Cracks in Richmond’s Progressive Unity

Mayor Tom Butt and the Richmond Progressive Alliance are at odds about who should replace him on the council and whether one group should dominate city politics.

In November, a broad coalition of Richmond progressives banded together to defeat Chevron’s $3 million campaign to regain control of city government. The stunning victory over the corporate giant captured the attention of the national media and created a citywide sense of euphoria. But just four months later, progressive harmony has dissolved into backbiting and mistrust as one faction makes a bid to gain control of the city council.

The fracture occurred over a routine appointment to the council seat left vacant by Tom Butt when he was elected mayor in November. The council needs to appoint a seventh councilmember to make itself whole. The problem is that the council is split, with three of its six remaining members — those who represent the Richmond Progressive Alliance (RPA) — insisting that only two of eighteen applicants for the job are acceptable. At last week’s special meeting, the council voted on seven of eighteen applicants and each ballot failed to produce the four votes necessary to make the appointment.

If the council cannot make an appointment by March 13, the decision goes to a special election next November at an estimated cost of $200,000 to Richmond taxpayers. In addition, it would be the first time in at least 25 years that the council will have failed to make an appointment, according to the Richmond City Clerk’s Office. A special election could also impede city business for nine months while a divided, lame duck council engages in campaign-like upstaging and bickering.

Historically, the council has made appointments like this one without much difficulty, and has typically used the opportunity to select a unifying candidate. But this time, the appointment process has been characterized by political posturing and accusations among progressives, who for years have worked well together.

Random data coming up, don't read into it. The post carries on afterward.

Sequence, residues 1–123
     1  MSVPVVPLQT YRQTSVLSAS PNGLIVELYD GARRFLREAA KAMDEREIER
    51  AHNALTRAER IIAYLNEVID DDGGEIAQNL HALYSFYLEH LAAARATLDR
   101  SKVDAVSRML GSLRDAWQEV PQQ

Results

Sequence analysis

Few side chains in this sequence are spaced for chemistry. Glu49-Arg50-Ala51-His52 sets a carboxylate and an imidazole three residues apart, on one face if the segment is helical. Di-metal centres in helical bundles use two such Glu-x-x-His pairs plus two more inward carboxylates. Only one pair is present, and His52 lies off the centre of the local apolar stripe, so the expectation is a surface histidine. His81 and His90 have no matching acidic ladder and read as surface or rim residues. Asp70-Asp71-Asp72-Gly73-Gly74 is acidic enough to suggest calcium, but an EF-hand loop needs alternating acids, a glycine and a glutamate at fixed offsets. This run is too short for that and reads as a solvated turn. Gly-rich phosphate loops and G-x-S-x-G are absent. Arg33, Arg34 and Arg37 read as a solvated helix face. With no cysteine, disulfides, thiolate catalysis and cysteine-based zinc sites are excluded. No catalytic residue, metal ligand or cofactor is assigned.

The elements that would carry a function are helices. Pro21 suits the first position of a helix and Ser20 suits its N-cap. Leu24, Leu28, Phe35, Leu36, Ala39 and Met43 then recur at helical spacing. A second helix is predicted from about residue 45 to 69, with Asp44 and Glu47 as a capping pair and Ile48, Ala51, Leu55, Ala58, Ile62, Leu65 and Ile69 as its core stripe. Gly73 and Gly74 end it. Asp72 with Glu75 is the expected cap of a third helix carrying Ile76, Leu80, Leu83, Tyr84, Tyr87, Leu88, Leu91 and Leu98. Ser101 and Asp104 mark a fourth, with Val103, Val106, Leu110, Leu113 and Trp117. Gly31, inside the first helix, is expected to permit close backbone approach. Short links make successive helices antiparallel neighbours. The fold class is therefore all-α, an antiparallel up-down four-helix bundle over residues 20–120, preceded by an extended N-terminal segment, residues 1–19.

The council’s three RPA members — Gayle McLaughlin, Jovanka Beckles and Eduardo Martinez — are on one side. On the other is Mayor Butt, a veteran councilmember with a long record of opposing Chevron and advocating for good government policies; Councilmember Jael Myrick, who is also a progressive and was appointed to the council in 2012 before handily winning a four-year term in 2014; and Councilmember Nat Bates, a conservative who is Chevron’s only remaining ally on the council.

A diverse group of eighteen people applied for the council appointment and roughly half of them have solid progressive track records and excellent qualifications. One applicant is Rosemary Corbin, a progressive former mayor of Richmond. McLaughlin admitted during last week’s meeting that she had appointed ten of the eighteen applicants to various commissions during her two terms as mayor.

But at the last week’s meeting, McLaughlin, an RPA co-founder, said only two of the eighteen candidates were acceptable to her. Her primary choice is fellow RPA member Marilyn Langlois, an activist who worked on McLaughlin’s mayoral staff and has served for two years on the planning commission. “It’s 100 percent clear that Marilyn Langlois is the stellar candidate. Everyone is great, but she shines a bit higher,” McLaughlin said. “She shouldn’t be discriminated against because she shares the values of the Richmond Progressive Alliance.”

Myrick said he wasn’t discriminating against Langlois and that she is certainly a qualified applicant. But he said appointing her would give too much power to one group — the RPA — without voter approval. Having four members of the council would allow the RPA to dominate the panel and greatly curtail Butt’s authority as mayor. “I don’t feel comfortable voting to appoint a fourth RPA member to this council,” Myrick said. “And the reason is not anything against the RPA, it’s just that if that much power is going to be concentrated in the hands of one organization, I think it needs to happen through the normal course of an election.”